"Kids have to have fun sometimes, but it's a shaky situation and I hope the police can control it somehow," said Joseph Belsito, 55, who has rented a house in Montauk for the past 15 years. "You can't tell everyone to get lost."

Nightlife 'not the problem'

Surf Lodge director of operations Julien Bizalion said responsibility for the problems needs to be spread around.

Bizalion, 28, lives in Montauk six months of the year and in Manhattan the other six months. He said he is as concerned as anyone about what's happening to the hamlet. He noted that lodge employees have strong ties to the community and his managing partner lives in Montauk full time.

"We are the face maybe of what nightlife is here, but we're certainly not the problem," Bizalion said. "We have more security here than any other business in Montauk. In my two years here there has never been one fight."

Residents' problems "are also our problems," he said.

After the July Fourth weekend, the Surf Lodge hired five security guards to manage traffic on weekends, Bizalion said.

"We're going out of our way and spending a lot of money" to operate a safe business, he said. And if customers become unruly, "they are removed."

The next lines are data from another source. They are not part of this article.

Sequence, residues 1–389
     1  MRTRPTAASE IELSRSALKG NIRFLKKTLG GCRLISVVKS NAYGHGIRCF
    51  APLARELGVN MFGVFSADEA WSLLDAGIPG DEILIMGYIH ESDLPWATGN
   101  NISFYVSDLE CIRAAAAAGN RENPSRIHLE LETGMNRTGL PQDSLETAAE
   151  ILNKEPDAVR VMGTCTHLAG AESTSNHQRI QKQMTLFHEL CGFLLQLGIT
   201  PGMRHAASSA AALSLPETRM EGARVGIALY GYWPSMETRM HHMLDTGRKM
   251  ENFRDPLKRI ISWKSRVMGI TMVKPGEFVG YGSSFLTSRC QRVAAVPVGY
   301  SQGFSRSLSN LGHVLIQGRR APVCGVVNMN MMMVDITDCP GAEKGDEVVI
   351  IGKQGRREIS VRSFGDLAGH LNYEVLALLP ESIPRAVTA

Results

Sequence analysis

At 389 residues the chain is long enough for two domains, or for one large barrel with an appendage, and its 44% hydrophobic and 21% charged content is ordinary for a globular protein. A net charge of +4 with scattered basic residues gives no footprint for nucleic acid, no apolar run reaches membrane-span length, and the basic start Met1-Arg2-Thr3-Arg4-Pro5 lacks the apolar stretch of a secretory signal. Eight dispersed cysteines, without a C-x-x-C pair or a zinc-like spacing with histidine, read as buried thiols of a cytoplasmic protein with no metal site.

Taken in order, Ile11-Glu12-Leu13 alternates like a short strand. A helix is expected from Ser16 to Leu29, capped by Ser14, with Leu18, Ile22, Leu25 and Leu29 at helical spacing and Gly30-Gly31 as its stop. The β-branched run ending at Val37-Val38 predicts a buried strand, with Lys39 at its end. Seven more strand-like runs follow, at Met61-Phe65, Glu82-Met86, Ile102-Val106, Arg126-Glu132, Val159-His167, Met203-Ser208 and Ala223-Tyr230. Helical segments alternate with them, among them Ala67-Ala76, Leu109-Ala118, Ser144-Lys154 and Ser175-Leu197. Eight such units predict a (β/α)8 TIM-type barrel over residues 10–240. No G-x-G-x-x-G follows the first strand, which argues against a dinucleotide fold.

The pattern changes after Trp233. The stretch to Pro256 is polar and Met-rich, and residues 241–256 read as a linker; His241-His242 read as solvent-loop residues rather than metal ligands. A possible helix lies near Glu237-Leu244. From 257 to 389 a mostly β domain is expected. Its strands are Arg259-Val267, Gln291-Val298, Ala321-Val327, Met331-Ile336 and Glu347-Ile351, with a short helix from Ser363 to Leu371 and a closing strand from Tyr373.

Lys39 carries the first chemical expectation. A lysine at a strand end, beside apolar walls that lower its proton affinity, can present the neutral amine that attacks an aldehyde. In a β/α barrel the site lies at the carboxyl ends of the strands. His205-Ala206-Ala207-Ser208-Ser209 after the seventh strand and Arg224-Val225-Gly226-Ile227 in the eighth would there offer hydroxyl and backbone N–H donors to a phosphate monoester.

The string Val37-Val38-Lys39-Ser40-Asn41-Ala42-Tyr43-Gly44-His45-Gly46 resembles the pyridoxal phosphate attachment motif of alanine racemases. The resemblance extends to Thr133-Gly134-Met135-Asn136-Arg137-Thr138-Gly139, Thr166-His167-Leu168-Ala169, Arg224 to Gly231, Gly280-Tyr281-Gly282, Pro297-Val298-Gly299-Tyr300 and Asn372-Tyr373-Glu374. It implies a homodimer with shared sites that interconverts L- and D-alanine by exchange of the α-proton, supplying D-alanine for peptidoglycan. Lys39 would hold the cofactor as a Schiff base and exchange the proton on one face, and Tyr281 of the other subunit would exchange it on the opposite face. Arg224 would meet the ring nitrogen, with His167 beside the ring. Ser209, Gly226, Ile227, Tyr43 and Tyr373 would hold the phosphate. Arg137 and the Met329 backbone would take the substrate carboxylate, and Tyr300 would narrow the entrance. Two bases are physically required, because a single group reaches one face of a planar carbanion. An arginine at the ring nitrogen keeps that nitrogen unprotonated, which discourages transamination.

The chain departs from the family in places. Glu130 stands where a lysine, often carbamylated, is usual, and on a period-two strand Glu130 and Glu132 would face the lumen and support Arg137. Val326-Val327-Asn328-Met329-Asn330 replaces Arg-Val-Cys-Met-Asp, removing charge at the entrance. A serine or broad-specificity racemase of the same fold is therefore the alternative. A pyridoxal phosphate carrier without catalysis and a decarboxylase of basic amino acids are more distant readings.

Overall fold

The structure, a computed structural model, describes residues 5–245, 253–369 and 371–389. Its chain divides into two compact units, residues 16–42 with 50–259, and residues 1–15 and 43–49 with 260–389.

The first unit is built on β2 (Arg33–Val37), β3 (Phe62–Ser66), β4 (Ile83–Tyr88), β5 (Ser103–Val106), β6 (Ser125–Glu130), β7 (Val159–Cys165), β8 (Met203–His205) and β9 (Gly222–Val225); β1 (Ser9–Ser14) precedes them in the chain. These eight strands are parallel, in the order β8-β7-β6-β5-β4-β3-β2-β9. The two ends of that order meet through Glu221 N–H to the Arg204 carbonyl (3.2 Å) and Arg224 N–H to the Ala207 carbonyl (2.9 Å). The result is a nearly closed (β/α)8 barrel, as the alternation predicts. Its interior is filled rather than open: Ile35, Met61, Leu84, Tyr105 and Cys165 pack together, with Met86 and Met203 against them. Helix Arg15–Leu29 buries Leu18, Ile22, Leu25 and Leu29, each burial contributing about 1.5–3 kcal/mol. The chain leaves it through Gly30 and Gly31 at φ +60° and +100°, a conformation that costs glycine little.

Cantwell said this week that he thinks progress is being made, but that more cooperation is needed from some bar owners.

He cited the Sloppy Tuna on South Emerson Avenue, saying it generated eight noise complaints this summer.

"The lack of cooperation there is discouraging," Cantwell said. "Some businesses are trying to help but some clearly are not."

Sloppy Tuna owner, Drew Doscher, said the noise complaints come from the same person who lives near the bar.

"The ambient level of people just talking is close to a noise violation," Doscher said Wednesday in an emailed response to Cantwell's comments. "The rules need to be adjusted to take all that into consideration."

Montauk Chamber of Commerce president Paul Monte said visitors are still welcome in Montauk.

"They just have to do things in a respectful way."

CORRECTION: An earlier version of this story misspelled Orla Troy's name.